They take great care to nurture the relationships through service, honesty, integrity and trust. In many ways, it’s not so different than building a relationship with a good friend. In fact, that’s one of the rewards of a Nordstrom career – the incredible number of friendships forged with customers and fellow employees over the years (http://careers. nordstrom. com). At Nordstrom’s, the workplace is designed in order to help make the customer feel welcomed. Many of the stores have spacious floor plans, and pleasant decorations. The work environment is that of a happy and thriving business.

Employees feel that their work environment is conducive to high sales and great place to be. This shows that Nordstrom’s puts their customers first, and then their employees, and that says a lot about their “People First” attitude. Nordstrom realizes by training its employees thoroughly and giving them the power to make decisions it lets the employee be more creative, and to take more pride in their work, thus making them harder and smarter workers. The managers are encouraged to take the lead and get on the sales floor and not just sit behind a desk.

They are in charge of doing all their own hiring, firing, scheduling, and promoting so they feel a sense of ownership in the company. The company also regularly distributes videotaped interviews with top salespeople who offer tips and advice (Spector, 1996). Nordstrom salespeople are motivated in a variety of ways. There are contests every month, which push the employees to work harder and even compete with other employees. Nordstrom’s sees a little inner office competitiveness as healthy. Employees are rewarded for high sales with cash, trips, and prizes.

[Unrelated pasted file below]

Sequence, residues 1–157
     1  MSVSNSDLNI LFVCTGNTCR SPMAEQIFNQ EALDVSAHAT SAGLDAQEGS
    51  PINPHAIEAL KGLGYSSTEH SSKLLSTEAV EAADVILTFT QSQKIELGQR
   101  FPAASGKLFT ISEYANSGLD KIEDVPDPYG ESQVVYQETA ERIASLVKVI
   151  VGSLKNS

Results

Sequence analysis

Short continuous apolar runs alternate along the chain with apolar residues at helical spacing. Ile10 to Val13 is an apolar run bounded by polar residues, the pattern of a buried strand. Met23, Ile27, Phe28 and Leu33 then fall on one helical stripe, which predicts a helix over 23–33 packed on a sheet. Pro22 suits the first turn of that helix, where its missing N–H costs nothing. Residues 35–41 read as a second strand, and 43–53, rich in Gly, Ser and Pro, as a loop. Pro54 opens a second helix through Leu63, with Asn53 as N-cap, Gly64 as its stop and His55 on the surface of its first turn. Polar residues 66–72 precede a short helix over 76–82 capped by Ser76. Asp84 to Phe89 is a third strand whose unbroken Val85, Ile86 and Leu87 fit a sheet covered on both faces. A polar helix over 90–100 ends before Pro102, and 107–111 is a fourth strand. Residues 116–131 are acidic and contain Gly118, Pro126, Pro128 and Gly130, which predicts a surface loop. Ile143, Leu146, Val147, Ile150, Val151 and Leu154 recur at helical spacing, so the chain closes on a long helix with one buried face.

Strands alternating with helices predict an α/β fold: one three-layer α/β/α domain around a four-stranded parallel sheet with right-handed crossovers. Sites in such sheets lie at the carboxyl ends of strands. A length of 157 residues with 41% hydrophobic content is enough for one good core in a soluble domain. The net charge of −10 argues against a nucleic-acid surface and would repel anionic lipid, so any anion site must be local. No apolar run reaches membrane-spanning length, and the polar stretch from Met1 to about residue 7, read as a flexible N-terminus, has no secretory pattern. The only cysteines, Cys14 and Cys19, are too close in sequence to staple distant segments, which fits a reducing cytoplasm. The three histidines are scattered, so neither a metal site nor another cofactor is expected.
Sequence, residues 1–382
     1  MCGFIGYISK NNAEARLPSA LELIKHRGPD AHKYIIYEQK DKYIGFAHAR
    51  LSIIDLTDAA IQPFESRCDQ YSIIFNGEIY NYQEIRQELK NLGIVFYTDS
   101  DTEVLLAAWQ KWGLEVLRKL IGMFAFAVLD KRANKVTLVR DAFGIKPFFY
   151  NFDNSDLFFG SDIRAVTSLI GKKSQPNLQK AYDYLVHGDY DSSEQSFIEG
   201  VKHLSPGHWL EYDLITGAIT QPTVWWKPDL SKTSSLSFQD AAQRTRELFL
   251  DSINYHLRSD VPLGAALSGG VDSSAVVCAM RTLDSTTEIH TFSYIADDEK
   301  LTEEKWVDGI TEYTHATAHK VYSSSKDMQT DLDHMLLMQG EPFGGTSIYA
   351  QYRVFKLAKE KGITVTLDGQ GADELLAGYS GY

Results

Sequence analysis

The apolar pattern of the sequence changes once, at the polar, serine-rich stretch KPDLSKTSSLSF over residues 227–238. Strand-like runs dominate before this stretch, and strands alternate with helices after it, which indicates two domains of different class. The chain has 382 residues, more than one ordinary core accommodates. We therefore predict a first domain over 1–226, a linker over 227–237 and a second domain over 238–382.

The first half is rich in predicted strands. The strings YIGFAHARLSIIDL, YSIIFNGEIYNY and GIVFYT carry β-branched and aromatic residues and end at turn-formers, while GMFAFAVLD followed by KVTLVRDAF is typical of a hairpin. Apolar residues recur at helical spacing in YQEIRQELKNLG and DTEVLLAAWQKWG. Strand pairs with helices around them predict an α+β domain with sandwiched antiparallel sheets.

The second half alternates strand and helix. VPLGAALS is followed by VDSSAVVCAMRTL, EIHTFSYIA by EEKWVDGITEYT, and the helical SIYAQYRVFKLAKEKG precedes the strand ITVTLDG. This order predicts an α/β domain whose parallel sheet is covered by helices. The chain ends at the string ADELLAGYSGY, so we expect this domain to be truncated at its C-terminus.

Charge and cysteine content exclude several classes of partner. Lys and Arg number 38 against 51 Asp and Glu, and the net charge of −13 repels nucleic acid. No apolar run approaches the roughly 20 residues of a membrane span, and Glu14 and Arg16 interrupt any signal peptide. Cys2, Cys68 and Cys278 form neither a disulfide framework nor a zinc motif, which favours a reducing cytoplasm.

They believe that employees deserve to be rewarded when they go the extra mile, and that makes the employees feel powerful, and needed. At Nordstrom, the best salespeople achieve the status of pacesetter. Pacesetters meet or surpass the sales-volume goal for their specific department for the one-year period from December 16 through December 15 of the following year. Every year, Nordstrom raises the pacesetters goal, in order to make sure that employees keep striving to do better, and do not settle when they feel like they have reached the top (Spector, 1996).

By giving salespeople and managers at all levels a wide range of operational and bottom-line responsibility (such as controlling costs), without shackling them with lots of bureaucratic guidelines, which get in the way of serving the customer, Nordstrom allows its people to operate like entrepreneurial shopkeepers rather than blocks in a retailing monolith. “We can move on a dime and effect things quickly,” said Martha S. Wikstrom, president of Nordstrom’s Full Line store group, “Bureaucracies are too cumbersome to get anything accomplished”(Anonymous, 1994).